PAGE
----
My dilemma is that my own inclination towards descriptivism isn’t necessarily relevant to my teaching. There is a crucial difference between how I wish people thought and how I suggest people write given how people actually think. In other words, as much as I dislike a grammar hammer approach, I do think that graduate students ought to avoid aggravating their readers. For most graduate students, assuming a critical reader is a good idea. Even if our future reader has only one bête noire and is quite liberal about other usage matters, we generally can’t know that in advance. Split infinitives are an easy example. Despite there being no good reason to avoid them, I often suggest that students do so. In the first place, I do think that there is often a genuine benefit to thinking about modifiers placement: there is often a better place for the modifier or even a better way to word the sentence overall. But there are some split infinitives that are absolutely fine and yet I still suggest rewording to avoid aggravating those who believe this to be a real and important rule. My general practice is to make students aware of traditional ‘rules’ and to emphasize that people who care about those rules often care a lot.

Let’s consider a trickier example. How do you feel about using ‘they’ or ‘their’ or ‘them’ with grammatically singular antecedents? Is it acceptable to say, “Everyone should be able to eat their favourite treats over the holidays”? ‘Everyone’ is grammatically singular (so should be replaced by ‘he’ or ‘she’), but actually points to a group of individuals of indeterminate gender. Although many think of the singular ‘they’ as a recent response to our desire for gender neutrality, this usage is actually quite venerable. This post by Geoffrey Pullum does an excellent job arguing for the value of this usage and, more generally, for the value of basing our linguistic decisions on evidence rather than dogma. The Motivated Grammar blog has a comprehensive post explaining all the ways that a singular ‘they’ is acceptable. Despite the manifest good sense of these arguments, I feel that it is my job to point out to graduate students that some will take an ‘everyone/their’ pairing as evidence that they are unable to write correct English.

A closely related issue that frequently affects me in this blog is the need for an appropriate pronoun for a generic singular. I often write a version of the following sentence: “When a student brings me their writing …”. I intuitively write the sentence that way every time, before changing it to “When students bring me their writing …”. I never seem to use the plural form of ‘student’ the first time, presumably because I am thinking of a generic student. Students don’t come to my office en masse, they come one at a time. When I talk about those meetings, I naturally gravitate towards a generic singular: not a particular student, but a singular instance of student. The plural is grammatically correct and solves the gender neutrality problem yet feels inaccurate.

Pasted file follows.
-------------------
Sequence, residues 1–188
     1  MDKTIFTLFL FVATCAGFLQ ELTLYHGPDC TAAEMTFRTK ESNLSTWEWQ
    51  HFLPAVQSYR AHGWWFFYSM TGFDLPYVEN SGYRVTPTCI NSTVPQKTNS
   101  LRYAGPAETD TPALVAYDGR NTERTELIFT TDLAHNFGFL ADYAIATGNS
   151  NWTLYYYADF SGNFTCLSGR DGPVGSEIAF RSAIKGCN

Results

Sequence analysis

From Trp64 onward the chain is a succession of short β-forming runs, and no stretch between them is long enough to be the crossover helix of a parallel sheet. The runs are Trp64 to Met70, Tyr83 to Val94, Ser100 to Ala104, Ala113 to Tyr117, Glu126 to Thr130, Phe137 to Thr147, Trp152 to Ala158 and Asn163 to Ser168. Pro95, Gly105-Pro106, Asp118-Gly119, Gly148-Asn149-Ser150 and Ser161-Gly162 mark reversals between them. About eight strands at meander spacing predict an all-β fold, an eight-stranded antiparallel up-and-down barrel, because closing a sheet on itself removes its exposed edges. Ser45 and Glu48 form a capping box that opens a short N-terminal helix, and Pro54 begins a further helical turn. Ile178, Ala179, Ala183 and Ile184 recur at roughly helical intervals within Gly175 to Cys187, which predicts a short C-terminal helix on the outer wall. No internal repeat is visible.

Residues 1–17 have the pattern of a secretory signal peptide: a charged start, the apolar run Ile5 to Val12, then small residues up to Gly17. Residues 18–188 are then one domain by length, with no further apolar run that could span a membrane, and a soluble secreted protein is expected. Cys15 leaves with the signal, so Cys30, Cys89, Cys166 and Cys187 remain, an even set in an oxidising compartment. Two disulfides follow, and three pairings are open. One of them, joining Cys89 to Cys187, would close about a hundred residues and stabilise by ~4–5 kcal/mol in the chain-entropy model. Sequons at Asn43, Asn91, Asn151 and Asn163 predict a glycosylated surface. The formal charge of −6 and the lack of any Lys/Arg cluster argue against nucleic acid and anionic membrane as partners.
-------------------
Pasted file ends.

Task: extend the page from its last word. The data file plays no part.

In this instance, I am simultaneously drawn in two directions: on the one hand, I feel that I should be liberal with the singular ‘they’ because I think it is acceptable, useful, and inevitable. Maybe I should be using it to hasten (in a very small way) its widespread acceptance. On the other hand, it isn’t particularly accepted at the moment and I don’t want my stylistic choices here on the blog to mislead. I feel it is my responsibility—despite my interest in descriptivism and my own faith in its wisdom—to remind students that their audience may have a decidedly prescriptivist bent. Those self-styled traditionalists seem to live on a razor’s edge, always ready to be driven around the bend by relatively benign stylistic choices or instances of neglect. Nobody wants a grant application or thesis proposal to antagonize its intended audience. Effective prose is prose that is well received by its audience. Without being able to call ahead and ask our potential readership how they feel about split infinitives, we have to make up our own minds, using all the information available to us and probably erring on the side of caution. (Erin Brenner has a great post on making sure that our ‘careful usage’ is still informed by all the available sources. Being cautious isn’t the same thing as being superstitious—you need to look things up! I also recommend this lovely post from Lucy Ferriss in which she describes how she is relinquishing the role of linguistic gatekeeper as she marks her students’ writing.)

Overall, I want to balance my own distaste for heavy-handed linguistic fundamentalism with a need to provide students with a good sense of current style conventions. But even as I think about that balance, I have to allow how disinclined I am towards the disparagement of other people’s writing. Someone recently sent me to the “Blog” of “Unnecessary” Quotation Marks, and as much as I tried to be amused, I found myself increasingly annoyed. Of course, quotation marks should ‘not’ be used for emphasis: doing so will lead to unintentional hilarity and that is never the effect graduate students should aspire to. (Or it will make people think you are writing for Zagat; if you want to see that tendency manifest in the most amusing fashion, try this old Shouts & Murmurs piece by Noah Baumbach.) But most of these utterances actually make their meaning quite clear. So I’ll end with a tentative conclusion: graduate student writers should be attentive to conservative writing conventions to avoid making stylistic choices that might aggravate their audience. But nobody should make a habit of deriding language that has made its point. “Fresh” meat may sound deeply unappetizing to a discerning reader, but we do know what is meant. “To boldly go” makes its point unambiguously. “If you love somebody, set them free” is perfect. Be cautious in your academic writing, but still strive for joy in language rather than fear of error.

I wish you all a very happy and productive holiday break! Explorations of Style will be back in mid-January.

Impactful Pet Peeves